Karol Severin:

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There are 50 million business pages and approximately 3 million advertisers on Facebook. Its advertising revenue in 2015 was $17bn (across all platforms). Messenger now has a billion active users, which is a comparable audience size to Facebook’s audience. Through opening the advertising floodgates the messaging platform presents a multi-billion dollar opportunity- however, Facebook must be careful not to alienate its users in doing so. Pushing ads into private conversations could be the threshold.

Facebook knows this. It says that ads in Messenger will only be featured on home screens and not within conversations. Indeed, it makes all the sense for Facebook not to let traditional banner ads flood private conversations anytime soon – if ever.

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But it will happen. Ad inventory must be filled.
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Errata, corrigenda and ai no corrida: none notified

Is Atlantic privacy dead?, Google v hardware, Trump and Twitter, what bots don’t know, and more


Snap’s Spectacles: you can get them if you want them (and have a ticket to New York). Photo by izqrdo on Flickr.

You can now sign up to receive each day’s Start Up post by email. You’ll need to click a confirmation link, so no spam.

A selection of 12 links for you. However, it’s Friday. I’m @charlesarthur on Twitter. Observations and links welcome.

Trump signs ‘no privacy for non-Americans’ order – what does that mean for rest of us? • The Register

Kieren McCarthy:

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US President Donald Trump may have undermined a critical data sharing agreement between the United States and Europe that internet giants rely on to do business overseas.

In an executive order focused on illegal immigrants that was signed by the president this week, one section specifically noted that privacy protections would not be extended past US citizens or permanent residents in America.

Section 14 of the Enhancing Public Safety order reads:

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Agencies shall, to the extent consistent with applicable law, ensure that their privacy policies exclude persons who are not United States citizens or lawful permanent residents from the protections of the Privacy Act regarding personally identifiable information.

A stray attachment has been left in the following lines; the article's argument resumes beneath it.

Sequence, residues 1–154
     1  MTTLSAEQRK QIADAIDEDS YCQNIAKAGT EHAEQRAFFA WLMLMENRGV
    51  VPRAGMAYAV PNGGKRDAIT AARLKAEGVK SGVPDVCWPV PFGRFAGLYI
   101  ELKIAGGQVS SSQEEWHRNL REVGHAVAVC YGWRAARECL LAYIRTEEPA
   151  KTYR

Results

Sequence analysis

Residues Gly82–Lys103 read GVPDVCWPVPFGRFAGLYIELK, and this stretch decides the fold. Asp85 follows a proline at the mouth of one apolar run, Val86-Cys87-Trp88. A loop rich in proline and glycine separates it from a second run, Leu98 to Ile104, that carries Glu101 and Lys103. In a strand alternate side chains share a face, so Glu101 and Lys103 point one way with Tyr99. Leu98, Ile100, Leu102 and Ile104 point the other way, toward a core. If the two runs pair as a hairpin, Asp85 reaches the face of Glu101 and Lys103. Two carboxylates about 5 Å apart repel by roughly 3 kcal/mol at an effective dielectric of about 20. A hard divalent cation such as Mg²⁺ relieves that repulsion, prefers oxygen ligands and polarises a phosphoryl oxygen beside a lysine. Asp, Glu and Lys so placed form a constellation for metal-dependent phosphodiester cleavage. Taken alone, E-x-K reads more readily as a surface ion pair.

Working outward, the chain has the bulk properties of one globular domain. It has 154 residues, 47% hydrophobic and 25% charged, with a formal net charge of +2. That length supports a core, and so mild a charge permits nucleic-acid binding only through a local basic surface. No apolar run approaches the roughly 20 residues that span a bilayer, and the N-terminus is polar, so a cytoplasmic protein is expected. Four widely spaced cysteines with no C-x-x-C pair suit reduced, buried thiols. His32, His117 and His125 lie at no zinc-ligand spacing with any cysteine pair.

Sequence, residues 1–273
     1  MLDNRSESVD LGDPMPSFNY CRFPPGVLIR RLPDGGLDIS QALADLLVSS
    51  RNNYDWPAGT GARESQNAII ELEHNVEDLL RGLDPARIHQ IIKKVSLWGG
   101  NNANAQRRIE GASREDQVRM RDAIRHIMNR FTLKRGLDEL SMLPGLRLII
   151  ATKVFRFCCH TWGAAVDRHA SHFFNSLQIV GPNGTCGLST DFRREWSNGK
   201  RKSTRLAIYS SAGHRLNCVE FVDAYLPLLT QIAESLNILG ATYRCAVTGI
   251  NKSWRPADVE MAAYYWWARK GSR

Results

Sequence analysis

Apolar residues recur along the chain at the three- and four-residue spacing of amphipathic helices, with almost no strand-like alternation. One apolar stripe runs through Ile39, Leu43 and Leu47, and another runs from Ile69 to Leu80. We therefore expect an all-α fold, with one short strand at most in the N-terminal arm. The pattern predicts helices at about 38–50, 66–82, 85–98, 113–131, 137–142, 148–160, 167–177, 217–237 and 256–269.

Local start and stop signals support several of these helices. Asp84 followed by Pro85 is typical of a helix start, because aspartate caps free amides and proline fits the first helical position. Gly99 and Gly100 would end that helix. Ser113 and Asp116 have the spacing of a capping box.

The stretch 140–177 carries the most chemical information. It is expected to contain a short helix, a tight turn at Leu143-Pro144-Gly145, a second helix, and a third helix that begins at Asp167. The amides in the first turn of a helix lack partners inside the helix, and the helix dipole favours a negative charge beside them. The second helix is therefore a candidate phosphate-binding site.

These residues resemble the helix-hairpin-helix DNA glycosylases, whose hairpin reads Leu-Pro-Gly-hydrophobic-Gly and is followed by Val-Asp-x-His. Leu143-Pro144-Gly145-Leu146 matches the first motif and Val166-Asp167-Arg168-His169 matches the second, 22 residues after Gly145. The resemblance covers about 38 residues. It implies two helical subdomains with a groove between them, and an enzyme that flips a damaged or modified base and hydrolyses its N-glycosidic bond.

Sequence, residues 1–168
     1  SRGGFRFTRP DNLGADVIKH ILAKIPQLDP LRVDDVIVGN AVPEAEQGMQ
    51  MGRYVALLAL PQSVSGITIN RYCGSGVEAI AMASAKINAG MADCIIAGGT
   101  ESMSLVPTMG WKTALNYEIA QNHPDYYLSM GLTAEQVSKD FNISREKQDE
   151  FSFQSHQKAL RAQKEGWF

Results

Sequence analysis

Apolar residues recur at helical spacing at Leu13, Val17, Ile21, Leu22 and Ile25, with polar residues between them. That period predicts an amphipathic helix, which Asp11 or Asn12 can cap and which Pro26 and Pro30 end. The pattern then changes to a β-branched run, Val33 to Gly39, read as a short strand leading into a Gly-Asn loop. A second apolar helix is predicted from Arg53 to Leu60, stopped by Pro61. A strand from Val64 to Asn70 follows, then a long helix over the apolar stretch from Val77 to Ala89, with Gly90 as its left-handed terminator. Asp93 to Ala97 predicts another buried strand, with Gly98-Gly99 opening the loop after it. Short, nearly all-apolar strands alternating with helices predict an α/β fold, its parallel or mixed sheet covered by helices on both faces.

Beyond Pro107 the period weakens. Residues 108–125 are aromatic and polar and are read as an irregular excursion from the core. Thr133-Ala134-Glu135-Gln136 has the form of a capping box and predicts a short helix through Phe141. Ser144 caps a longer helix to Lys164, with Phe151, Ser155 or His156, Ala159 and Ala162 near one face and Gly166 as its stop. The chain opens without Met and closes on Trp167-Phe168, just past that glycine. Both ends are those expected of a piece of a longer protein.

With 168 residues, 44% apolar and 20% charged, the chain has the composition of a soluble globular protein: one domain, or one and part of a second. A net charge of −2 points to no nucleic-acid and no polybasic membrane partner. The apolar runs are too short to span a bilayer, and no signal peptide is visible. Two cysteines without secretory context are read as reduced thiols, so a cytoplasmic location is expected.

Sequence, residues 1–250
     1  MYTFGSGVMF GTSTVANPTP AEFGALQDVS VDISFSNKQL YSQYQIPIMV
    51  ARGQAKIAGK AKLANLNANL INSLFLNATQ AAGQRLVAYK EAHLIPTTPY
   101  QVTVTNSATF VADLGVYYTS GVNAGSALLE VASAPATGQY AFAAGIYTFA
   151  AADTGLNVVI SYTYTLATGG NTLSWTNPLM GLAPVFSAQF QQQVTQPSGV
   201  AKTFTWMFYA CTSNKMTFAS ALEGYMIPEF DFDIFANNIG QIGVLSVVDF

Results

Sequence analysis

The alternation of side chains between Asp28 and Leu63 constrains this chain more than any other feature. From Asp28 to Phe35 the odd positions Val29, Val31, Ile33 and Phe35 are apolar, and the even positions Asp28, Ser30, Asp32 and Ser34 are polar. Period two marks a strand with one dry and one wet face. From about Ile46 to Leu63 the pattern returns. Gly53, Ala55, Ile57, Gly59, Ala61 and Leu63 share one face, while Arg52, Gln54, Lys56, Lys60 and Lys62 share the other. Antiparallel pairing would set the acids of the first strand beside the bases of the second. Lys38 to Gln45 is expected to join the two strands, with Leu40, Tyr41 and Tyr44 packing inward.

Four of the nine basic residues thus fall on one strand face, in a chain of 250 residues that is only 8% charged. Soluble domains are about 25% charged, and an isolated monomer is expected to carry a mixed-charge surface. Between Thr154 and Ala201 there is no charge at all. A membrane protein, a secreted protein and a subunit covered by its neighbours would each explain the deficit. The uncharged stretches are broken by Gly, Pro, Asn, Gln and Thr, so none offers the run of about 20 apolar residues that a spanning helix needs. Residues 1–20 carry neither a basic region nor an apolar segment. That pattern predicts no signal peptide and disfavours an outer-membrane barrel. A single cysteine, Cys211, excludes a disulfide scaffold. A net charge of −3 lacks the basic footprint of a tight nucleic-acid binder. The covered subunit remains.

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That language appears to directly contradict a critical component of the new Privacy Shield agreement between the US and Europe that provides essential legal protections for US businesses sending and receiving data across the Atlantic. In short, the agreement is supposed to ensure non-Americans are not treated as second-class citizens by US organizations, with weaker privacy safeguards than Americans are afforded.

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This looks like it torpedoes Privacy Shield, but there’s more to it.
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A volunteer effort to mirror US federal climate data • Climate Mirror


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Our goal is to store climate change data redundantly in many locations around the world. To see our current mirrors, visit climate.daknob.net. We also have several torrents that you can use to both retrieve data and assist in maintaining them.

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Resistance takes many forms.
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Google bringing AI to Raspberry Pi • BBC News

Jane Wakefield:

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Google is planning to bring artificial intelligence and machine learning tools to the Raspberry Pi.

The low-cost credit-card sized computer is widely used by schools and the maker community for programming devices.

Google has asked makers to complete a survey about what smart tools would be “most helpful”.
And it suggests tools to aid face and emotion recognition, speech-to-text translation, natural language processing and sentiment analysis.

Google has previously developed a range of tools for machine learning, internet of things devices, wearables, robotics and home automation.

The Raspberry Pi Foundation said the new tools could enable makers “to build even more powerful projects”.

“Google is going to arrive in style in 2017. The tech titan has exciting plans for the maker community,” said the foundation in its blog.

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This is going to be fascinating, as cheap hardware (processor and sensors) gets powerful software. Where can you deploy them? All over.
link to this extract


Google parent Alphabet earnings: What to watch • USA Today

Jessica Guynn:

»